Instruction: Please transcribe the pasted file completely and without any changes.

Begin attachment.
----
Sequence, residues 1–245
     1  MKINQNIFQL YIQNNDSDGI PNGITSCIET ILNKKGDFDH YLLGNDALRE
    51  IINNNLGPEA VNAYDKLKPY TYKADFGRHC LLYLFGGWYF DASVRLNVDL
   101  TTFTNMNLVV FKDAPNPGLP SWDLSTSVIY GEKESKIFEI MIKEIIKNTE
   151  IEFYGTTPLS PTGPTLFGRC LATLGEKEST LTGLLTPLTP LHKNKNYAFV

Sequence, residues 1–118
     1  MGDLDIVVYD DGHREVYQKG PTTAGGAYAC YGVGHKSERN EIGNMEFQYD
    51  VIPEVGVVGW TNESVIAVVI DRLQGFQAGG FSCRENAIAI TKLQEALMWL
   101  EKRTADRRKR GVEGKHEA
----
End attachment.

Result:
Sequence, residues 1–245
     1  MKINQNIFQL YIQNNDSDGI PNGITSCIET ILNKKGDFDH YLLGNDALRE
    51  IINNNLGPEA VNAYDKLKPY TYKADFGRHC LLYLFGGWYF DASVRLNVDL
   101  TTFTNMNLVV FKDAPNPGLP SWDLSTSVIY GEKESKIFEI MIKEIIKNTE
   151  IEFYGTTPLS PTGPTLFGRC LATLGEKEST LTGLLTPLTP LHKNKNYAFV

Sequence, residues 1–118
     1  MGDLDIVVYD DGHREVYQKG PTTAGGAYAC YGVGHKSERN EIGNMEFQYD
    51  VIPEVGVVGW TNESVIAVVI DRLQGFQAGG FSCRENAIAI TKLQEALMWL
   101  EKRTADRRKR GVEGKHEA